Burrup rock art depicts the array of fauna that is present through changing ecological regimes. The earlier phases are dominated by emus and macropods, but include reptiles, thylacine, echidna and eagles. Later, there is the addition of marine fauna, dominated by fish and turtles. There are also changes in the way human figures are portrayed and in the structure of geometric designs. The whole has a significant and spiritual connection for the Aboriginal people, not just the local groups but for those far inland. Here are mythological narratives which bind this place to the interior. It is not just the mining company’s rail lines which connect the inland to the coast.
The peninsula is more than just a pictographic record of social evolution in a small part of remote Australia. It is a unique record of the transition of artistic phases reflecting the changes in climate, in fauna and in beliefs down through the millennia. Aeons of human activity have transformed this place into a religious and sculptured landscape in accord with the surrounding environment. Nigh on fifty years of industrial exploitation of the Pilbara has seen the transformation of these art-strewn slopes into one of Western Australia’s largest industrial hubs.
Significantly, the destruction that has occurred within the Dampier Archipelago is the consequence of protecting rock art at another location. In 1964, following a Western Australian Museum investigation of rock art on Depuch Island, the then Minister for Education and Native Welfare, E.H.M. Lewis announced “that the outlet ports for this industry will be at Port Hedland and at King Bay in the Dampier Archipelago.” This change in the industrialisation programme for the Pilbara occurred in recognition that the petroglyphs were seen as the “most important collection of Aboriginal engravings in Australia.” In protecting this one small place, the destruction of rock art at two other locations has ensued, thereby setting a pattern of cultural heritage vandalism which has continued over nearly fifty years, not only at King Bay and Port Hedland but which has expanded across the Pilbara.
Unabated industrial development within a place of outstanding cultural heritage value is exemplified by what has taken place at King Bay and the rest of Burrup Peninsula. There seems to have been scant regard for the heritage values of the area, although in 1964 there was a request to have the Dampier Archipelago, including what is now Burrup Peninsula, declared a Reserve or National Park. But this plan was shelved at the request of the Mines Department. Small parcels of land have been variously protected over the intervening years; some for their natural conservation values, others for heritage values. In July 2007 much of the Dampier Archipelago, including Burrup Peninsula, was placed on Australia’s National Heritage List in recognition of its outstanding importance due to the extraordinary diversity and density of rock art and other archaeological features.
For the traditional owners, after a ten year period of negotiation and legislative amendments, in January 2013, forty-two per cent of Burrup Peninsula was declared a National Park. Murujuga National Park is owned by the Aboriginal people and co-managed with the Department of Parks and Wildlife. The boundaries of the park do not take into account the natural or cultural values, but rather the land granted is those areas which the government has not earmarked for industrial development.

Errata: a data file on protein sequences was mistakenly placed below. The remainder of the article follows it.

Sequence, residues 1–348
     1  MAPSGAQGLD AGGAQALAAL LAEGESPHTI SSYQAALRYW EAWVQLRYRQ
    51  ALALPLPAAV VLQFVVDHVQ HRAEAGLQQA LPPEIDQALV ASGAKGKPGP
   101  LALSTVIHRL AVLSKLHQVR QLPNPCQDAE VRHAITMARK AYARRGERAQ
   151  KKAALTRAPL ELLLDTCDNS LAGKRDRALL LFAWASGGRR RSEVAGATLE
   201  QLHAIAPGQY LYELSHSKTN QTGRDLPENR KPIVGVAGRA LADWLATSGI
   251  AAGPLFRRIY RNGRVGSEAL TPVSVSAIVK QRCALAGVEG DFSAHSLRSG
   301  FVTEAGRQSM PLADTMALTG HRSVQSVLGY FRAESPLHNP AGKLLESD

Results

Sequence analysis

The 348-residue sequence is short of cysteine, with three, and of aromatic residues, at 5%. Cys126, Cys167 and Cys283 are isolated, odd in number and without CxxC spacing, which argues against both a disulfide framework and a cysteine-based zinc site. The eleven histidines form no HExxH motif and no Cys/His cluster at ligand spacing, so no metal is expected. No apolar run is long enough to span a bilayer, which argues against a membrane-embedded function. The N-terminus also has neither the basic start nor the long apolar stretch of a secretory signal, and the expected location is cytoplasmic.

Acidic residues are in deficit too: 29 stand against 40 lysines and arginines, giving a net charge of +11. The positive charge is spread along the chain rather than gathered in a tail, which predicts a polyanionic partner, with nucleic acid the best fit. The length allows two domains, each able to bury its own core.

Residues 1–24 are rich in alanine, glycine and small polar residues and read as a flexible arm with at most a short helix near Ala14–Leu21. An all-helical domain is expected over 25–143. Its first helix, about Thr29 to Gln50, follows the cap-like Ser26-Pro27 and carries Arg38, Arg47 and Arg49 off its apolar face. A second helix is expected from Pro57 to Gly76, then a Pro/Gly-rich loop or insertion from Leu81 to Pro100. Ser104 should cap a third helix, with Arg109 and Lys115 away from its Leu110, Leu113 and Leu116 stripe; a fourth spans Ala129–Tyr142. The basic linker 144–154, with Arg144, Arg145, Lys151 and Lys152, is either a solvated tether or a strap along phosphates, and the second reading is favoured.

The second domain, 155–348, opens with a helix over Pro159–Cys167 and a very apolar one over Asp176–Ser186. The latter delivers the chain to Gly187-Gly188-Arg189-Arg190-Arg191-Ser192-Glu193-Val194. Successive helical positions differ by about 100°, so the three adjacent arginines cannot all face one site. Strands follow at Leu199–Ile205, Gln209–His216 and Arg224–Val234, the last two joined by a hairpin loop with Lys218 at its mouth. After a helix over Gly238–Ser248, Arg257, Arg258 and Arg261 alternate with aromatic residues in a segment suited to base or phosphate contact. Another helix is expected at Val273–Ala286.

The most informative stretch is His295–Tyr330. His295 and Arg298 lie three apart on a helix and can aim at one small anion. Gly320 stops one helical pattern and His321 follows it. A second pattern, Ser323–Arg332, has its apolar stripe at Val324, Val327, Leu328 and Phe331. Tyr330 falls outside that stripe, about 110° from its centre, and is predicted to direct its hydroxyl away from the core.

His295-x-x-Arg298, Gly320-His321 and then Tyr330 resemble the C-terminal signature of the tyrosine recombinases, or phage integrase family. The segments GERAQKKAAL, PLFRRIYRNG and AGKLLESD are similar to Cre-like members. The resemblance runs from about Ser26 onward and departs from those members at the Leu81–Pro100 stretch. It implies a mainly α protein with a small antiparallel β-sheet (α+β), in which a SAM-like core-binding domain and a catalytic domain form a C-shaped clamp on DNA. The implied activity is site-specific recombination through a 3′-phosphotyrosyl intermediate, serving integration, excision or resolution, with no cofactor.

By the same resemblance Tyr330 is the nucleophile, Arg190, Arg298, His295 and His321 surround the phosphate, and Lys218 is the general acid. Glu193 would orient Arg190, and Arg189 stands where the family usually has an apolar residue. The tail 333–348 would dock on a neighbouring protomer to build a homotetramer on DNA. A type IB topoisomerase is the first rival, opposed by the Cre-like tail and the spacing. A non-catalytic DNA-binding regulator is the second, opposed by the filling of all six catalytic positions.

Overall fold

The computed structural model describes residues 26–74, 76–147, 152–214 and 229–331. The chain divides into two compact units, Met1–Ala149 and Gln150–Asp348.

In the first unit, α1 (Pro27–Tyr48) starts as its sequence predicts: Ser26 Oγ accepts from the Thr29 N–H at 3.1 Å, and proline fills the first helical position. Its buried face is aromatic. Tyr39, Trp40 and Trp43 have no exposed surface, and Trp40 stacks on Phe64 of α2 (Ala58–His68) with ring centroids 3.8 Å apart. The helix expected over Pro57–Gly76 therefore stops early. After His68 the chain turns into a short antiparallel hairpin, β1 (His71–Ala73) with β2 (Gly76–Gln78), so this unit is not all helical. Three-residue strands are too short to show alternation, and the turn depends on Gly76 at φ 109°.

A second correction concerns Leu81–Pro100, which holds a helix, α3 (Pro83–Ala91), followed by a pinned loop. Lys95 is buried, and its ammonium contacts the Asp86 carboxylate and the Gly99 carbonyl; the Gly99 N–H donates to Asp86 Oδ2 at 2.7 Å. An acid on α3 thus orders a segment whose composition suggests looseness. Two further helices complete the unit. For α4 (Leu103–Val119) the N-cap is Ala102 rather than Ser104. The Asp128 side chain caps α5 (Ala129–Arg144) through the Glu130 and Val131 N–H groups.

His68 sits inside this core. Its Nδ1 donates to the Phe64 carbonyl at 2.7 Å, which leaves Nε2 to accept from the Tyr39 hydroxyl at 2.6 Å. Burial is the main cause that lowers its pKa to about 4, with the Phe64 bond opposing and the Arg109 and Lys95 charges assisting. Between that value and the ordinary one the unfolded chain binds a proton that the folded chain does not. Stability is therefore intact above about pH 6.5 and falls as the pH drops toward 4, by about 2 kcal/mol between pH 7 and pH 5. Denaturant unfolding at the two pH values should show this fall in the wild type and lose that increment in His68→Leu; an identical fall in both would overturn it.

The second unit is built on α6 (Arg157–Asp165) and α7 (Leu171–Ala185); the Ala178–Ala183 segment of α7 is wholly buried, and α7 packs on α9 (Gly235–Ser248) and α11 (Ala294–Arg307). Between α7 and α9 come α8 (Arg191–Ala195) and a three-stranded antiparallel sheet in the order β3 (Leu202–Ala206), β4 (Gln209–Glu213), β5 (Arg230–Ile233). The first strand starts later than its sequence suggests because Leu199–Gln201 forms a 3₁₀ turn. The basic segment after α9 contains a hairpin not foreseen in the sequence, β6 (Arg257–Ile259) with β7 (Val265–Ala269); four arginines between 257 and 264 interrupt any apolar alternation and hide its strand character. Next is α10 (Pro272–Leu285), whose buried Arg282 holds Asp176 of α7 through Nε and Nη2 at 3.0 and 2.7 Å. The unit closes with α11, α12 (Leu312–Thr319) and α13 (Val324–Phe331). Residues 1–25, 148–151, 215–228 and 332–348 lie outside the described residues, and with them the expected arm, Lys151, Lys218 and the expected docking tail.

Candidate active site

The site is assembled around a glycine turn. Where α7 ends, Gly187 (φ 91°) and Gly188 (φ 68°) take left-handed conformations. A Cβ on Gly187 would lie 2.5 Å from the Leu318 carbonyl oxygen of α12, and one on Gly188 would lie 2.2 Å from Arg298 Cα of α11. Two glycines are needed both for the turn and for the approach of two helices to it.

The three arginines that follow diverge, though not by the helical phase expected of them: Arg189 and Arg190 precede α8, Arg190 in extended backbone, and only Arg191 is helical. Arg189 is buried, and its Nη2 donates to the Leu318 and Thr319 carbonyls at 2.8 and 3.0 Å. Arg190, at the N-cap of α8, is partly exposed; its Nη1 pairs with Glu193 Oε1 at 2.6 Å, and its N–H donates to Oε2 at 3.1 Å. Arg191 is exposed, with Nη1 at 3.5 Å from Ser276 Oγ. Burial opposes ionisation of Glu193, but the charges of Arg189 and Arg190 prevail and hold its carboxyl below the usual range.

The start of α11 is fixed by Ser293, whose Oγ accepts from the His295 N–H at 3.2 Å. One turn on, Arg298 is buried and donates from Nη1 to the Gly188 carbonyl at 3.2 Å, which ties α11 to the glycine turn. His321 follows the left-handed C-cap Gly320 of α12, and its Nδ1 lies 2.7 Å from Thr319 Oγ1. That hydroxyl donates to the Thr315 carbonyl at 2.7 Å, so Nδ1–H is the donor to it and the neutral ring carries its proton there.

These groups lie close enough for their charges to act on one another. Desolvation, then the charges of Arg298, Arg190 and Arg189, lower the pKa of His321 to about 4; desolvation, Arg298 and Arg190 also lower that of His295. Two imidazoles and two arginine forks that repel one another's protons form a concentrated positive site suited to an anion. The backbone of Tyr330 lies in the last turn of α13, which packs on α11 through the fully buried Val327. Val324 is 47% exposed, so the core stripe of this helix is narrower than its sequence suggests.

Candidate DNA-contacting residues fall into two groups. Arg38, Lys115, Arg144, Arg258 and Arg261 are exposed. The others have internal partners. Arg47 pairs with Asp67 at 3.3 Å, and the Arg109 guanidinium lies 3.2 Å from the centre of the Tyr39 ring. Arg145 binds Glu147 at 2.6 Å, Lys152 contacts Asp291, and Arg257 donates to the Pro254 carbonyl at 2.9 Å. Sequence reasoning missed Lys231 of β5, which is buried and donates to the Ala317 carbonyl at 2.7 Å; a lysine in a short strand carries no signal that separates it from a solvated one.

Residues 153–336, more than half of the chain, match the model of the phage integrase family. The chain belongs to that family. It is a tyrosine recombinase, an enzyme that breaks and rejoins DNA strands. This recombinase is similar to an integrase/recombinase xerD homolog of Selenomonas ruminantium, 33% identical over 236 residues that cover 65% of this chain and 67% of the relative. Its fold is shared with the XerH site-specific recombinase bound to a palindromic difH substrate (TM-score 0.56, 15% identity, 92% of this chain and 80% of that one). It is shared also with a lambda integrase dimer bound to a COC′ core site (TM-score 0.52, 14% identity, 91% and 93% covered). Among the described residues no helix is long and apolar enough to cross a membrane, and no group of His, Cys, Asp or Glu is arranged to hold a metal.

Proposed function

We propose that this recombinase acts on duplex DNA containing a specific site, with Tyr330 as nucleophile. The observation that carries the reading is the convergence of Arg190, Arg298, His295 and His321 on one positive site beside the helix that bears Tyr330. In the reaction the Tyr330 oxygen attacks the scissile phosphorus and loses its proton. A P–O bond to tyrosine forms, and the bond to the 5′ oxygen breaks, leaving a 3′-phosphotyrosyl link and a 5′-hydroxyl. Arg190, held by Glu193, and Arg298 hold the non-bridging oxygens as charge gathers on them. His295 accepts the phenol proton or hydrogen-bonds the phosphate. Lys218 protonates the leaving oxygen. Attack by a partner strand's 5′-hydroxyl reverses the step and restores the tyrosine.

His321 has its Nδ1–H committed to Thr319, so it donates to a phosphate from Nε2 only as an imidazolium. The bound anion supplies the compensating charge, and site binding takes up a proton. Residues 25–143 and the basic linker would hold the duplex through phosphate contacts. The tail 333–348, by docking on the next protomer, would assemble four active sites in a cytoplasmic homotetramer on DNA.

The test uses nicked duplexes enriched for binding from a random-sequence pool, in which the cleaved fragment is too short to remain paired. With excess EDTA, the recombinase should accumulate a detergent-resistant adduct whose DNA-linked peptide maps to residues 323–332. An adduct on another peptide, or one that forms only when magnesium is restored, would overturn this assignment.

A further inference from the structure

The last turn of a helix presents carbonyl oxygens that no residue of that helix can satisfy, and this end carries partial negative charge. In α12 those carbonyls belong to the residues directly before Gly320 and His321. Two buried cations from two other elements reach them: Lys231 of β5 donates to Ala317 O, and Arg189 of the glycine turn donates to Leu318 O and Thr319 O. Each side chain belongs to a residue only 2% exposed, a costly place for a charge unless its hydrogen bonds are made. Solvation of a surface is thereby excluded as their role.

Western Australia has a long history of prioritising developments over cultural or natural heritage and social impacts. The Goldfields Water Supply Scheme, for example, which began in 1898. Devised and managed by C.Y. O’Connor, a pipeline and pumping stations were constructed between Mundaring Weir, near Perth and Kalgoorlie, to move water 530 kilometres to supply the goldfields population. In the promotion of such commercial enterprises, scant regard is given to either impact on cultural heritage or the concerns of the Aboriginal people whose lands these developments affect. In recent years there has been change, with some companies like Rio Tinto entering into agreements with Native Title parties. Parts of these agreements deal with site protection and engagement with the Aboriginal people in regard to heritage and land management. The more socially enlightened actions have come late into the industrialisation of the Pilbara.
We are left with a dramatic landscape of rugged rocky terrain of rich reds and browns, nestled amongst spinifex green slopes and azure-blue waters, forming a backdrop for the stunning array of petroglyphs. Rising above all this are the giant metal constructions of the gas plant flare towers, the roar of the flames heard throughout the landscape, their emissions clearly visible across the skies. The constant movement of trains feeding the iron ore stock-piles and helicopters whirring overhead ferrying workers to and from the gas platforms and ships, slice the environmental harmony. What has lain in tranquil splendour for millennia incalculable now is troubled by the frenzy of modern commerce. The songs of Murujuga that once rang out in harmony with the rock art and ancestral spirits are now marred by the chatter of global exploitation.
- ^ For example, H.E. Petri, and A.S. Shultz,
- ^ Transcript of proceedings, Native Title Tribunal, Wednesday 6 November 2002.
- ^ Press Release 23 December 1964, in Ride and Neuman (eds) 1964 Depuch Island, The Western Australian Museum, special publications No. 2.
- ^ Robin Chapple, paper presented at the Parks and Protected Areas Forum, Fremantle September 2007.
Dr Ken Mulvaney is an archaeologist and anthropologist who has worked in the Northern Territory and Western Australia since the 1980s on Aboriginal culture and rock art, in particular the petroglyphs of the Pilbara, and their protection. He is Adjunct Associate Professor at The University of Western Australia. His latest book Murujuga Marni: the rock art of the macropod hunters and the mollusc harvesters on the Burrup petroglyphs published by the University of WA Press, is to be launched in December 2013.